“We’ve all been talking about you. You must be extreme cyclists to bike all the way here!” the receptionist blurted out when we got to our hotel in Newport. We were standing there in the stylish lobby, Vic still dripping with mud from his wreck, exhausted and cold. “Aw, we really lucked out with the weather, it wasn’t so bad,” I replied, “and we took the train part of the way.”
This was Vic’s first time bike touring and his longest ride. For me, it was the first time I’ve had my bike on a train, toured with someone else, and visited our smallest state, Rhode Island. I emailed the Rhode Island Department of Transportation requesting their free bike map and some tips. Steve wrote back recommending that we not come: there was snow on the ground and the bike paths were not plowed.
Winter touring takes some compromises and contingency planning. I selected a destination we could get to by taking trains and buses. If we got too cold, too tired, or if the roads really were bad, we weren’t that far from a bus stop. If we were too saddle sore from the first day, we could always bus home. At my age, I don’t think this is wimpy. I think it is smart.
Vic got his first taste of being gawked at while sipping coco and waiting for the train at South Station. A summer rider, masquerading as a MBTA train conductor, treated us like royalty. We used the excellent map of Eastern Massachusetts by Rubel Bike Maps to follow back roads from the train depot at Attleboro to Warren, Rhode Island. Yes, of course, we took one of those famous state line photos. We had great views, though no place to stop, on the narrow Mt. Hope Bridge and a harrowing ride on a portion of Highway 138 on Newport Island. I’d recommend finding alternate routes. The last five or six miles were lovely and quiet taking Wapping Road to the lower end of the island and the beaches east of Newport.
Along the way, folks in cars whistled, waved, and cursed and we got props from the few day cyclists: a solid effort for a pair of tourers. We ate like horses at Lucia’s and slept the sleep of the weary and dreamless.
As for our contingency plans? The second day found our bikes on a bus. Not that we woke up explicitly planning that, but after a 10 mile spin to look at the beaches and the famed mansions of Newport, we had concerns about running out of daylight. With stopping for snacks, getting lost, and Vic’s spill, our trip to Newport took 6 hours and the last thing we wanted to do was be out on the side of an icy highway in the dark. The surprise for us at the depot was a Peter Pan bus direct to Boston. My research and plans relied on Rhode Island public transportation with three transfers and a short ride to the train station at South Attleboro. This is doable and it never crossed my mind to look into private bus services. On some routes, Peter Pan charges a small surcharge and slides your bike underneath. This obviously opens up wider range of New England weekend touring options. We got a bit more time in Newport, no dashing for connections, and were home by dusk.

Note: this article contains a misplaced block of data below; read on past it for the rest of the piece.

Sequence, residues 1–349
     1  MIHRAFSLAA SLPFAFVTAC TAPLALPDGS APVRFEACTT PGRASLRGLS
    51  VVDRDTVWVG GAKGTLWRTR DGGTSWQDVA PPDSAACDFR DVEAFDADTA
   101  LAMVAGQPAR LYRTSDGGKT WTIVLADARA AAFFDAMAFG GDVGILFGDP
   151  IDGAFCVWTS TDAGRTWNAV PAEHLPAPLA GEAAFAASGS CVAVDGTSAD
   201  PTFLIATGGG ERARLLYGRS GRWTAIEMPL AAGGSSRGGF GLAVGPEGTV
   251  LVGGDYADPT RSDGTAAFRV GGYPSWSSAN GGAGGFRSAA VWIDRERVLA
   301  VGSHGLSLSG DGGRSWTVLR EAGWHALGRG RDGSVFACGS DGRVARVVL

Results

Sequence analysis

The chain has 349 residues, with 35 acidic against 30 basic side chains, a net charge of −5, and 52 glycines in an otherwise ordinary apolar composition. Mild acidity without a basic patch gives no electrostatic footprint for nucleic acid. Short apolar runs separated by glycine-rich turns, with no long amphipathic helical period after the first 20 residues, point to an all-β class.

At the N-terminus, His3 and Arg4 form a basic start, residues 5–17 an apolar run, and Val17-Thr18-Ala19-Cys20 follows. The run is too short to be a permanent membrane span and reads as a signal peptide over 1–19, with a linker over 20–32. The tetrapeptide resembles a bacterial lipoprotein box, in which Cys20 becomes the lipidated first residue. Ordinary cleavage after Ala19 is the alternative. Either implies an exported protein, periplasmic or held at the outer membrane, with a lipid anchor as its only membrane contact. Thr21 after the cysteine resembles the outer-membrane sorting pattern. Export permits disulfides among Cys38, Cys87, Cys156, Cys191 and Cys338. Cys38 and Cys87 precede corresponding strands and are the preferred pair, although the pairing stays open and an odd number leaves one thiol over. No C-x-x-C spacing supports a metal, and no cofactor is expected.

Unless you are a masochist, it is hard to stay excited about biking in Boston. It’s cold, the drivers are aggressive, and the streets potholed like Slovakia. However, with a bit of planning, a dose of caution, and luck with weather, there are some great options for weekend touring. Hotels are empty and rates are low. You might not find all the attractions open, but the ones that are aren’t crowded. The ice cream stands are closed, but hell, it just gives you less guilt about eating hot cinnamon rolls and drinking hot chocolate. And after all, you are on your bike…
Next tour: Cape Ann, MA
When: End of February
Yes, you can bike tour during February in New England
I feel the same way about sailing in the winter time. The marinas are empty, state parks and islands are deserted. And while the weather can be that much more unpredictable, the solitude is simply priceless.
If only Tina was less of a weather weenie…